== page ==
A month after Neiman Marcus revealed a hack of customer credit and debit cards, an investigation has determined the hackers set off about 60,000 alerts in the retailer's security systems during their attack.
The alerts went undetected because the card-skimming software was programmed to delete itself each day from Neiman Marcus' registers and would be constantly reloaded. The thieves had also given the malware a name almost identical to the company's payment software, so that when the endpoint protection logs were reviewed, entries tied to it wouldn't stand out.
"These 60,000 entries, which occurred over a three-and-a-half month period, would have been on average around 1 percent or less of the daily entries on these endpoint protection logs, which have tens of thousands of entries every day," Ginger Reeder, a spokeswoman for Neiman Marcus, told Bloomberg Businessweek.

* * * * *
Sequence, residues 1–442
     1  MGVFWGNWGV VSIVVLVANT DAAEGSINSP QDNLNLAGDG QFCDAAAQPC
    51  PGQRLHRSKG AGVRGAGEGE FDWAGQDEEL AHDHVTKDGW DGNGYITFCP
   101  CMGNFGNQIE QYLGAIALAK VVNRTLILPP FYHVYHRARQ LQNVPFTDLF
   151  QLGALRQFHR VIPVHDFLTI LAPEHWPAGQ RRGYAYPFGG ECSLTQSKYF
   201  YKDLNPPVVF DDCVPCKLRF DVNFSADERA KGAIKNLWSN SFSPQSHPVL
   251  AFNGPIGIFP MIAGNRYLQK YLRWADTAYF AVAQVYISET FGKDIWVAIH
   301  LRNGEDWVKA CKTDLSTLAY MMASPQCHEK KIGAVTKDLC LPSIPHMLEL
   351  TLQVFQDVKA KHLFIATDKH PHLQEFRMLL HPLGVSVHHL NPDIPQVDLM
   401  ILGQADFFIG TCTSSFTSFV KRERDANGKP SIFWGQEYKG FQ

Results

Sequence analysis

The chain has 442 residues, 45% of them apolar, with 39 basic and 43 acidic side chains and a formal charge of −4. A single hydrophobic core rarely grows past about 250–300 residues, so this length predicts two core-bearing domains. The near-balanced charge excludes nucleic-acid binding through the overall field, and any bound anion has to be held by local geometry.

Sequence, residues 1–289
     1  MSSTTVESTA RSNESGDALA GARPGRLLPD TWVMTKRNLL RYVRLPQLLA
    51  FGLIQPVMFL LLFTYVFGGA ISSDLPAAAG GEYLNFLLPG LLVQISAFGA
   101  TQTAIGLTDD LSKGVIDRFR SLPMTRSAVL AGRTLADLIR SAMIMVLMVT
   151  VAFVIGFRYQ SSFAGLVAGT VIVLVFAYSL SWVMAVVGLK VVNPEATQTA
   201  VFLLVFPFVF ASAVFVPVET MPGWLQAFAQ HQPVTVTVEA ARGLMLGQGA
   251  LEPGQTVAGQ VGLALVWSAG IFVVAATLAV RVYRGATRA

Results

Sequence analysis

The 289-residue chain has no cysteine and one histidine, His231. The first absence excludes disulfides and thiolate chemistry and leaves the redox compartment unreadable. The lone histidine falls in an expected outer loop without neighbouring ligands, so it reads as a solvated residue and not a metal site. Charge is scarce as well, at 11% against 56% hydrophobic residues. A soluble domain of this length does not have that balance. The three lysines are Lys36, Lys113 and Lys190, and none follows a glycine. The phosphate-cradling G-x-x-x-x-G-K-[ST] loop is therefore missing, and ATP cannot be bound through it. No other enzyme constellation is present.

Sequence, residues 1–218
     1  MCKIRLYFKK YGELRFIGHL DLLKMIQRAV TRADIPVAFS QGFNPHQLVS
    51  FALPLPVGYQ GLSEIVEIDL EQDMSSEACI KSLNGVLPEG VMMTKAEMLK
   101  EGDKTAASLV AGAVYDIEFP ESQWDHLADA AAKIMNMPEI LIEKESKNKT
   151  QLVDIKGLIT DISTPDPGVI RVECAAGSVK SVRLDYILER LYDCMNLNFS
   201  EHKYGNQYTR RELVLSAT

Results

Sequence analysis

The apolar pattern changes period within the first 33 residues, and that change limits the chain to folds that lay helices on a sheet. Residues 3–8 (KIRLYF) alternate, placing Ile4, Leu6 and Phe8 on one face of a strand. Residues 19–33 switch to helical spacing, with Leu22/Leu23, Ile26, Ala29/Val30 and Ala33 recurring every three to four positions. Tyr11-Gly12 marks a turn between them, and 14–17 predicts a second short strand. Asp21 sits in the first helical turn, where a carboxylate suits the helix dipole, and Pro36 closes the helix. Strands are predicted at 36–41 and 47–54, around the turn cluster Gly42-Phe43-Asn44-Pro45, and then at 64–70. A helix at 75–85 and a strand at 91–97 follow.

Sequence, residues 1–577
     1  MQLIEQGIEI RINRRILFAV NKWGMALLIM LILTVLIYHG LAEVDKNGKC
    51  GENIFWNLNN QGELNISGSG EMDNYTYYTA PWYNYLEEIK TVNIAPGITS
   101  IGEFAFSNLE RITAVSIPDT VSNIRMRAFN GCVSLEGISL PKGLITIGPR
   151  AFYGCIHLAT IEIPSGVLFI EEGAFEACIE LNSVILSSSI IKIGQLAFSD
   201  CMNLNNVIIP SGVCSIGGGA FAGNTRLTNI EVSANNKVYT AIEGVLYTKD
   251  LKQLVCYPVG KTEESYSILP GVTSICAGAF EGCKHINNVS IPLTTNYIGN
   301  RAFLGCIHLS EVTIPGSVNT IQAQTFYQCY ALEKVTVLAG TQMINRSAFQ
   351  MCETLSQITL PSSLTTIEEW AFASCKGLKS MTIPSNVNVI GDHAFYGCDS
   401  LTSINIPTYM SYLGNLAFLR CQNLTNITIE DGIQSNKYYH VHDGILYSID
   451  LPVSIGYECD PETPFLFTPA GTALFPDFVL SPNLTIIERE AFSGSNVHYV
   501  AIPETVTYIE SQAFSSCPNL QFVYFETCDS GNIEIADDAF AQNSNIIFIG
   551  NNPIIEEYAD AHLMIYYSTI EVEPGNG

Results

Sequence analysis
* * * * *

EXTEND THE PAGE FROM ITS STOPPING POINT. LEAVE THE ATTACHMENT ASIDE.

The malware was active within the Neiman Marcus payment system between July and October 2013. Neiman Marcus has revised downward the number of credit and debit cards exposed during that time from 1.1 million to 350,000, according to a notice posted Friday on its website.
"The number has decreased because the investigation has established that the malware was not operating at all our stores, nor was it operating every day in those affected stores," wrote Neiman Marcus Group President and CEO Karen Katz. The company says that 77 of 85 stores were found to be compromised during the data breach.
Neiman Marcus also revised the number of card details that have been fraudulently used to 9,200, up from 2,400.
Other recent findings from the investigation include the revelation that the hackers who attacked Neiman Marcus are likely not the ones who breached Target (NYSE: TGT), as they wrote specific code to compromise the Neiman Marcus network.
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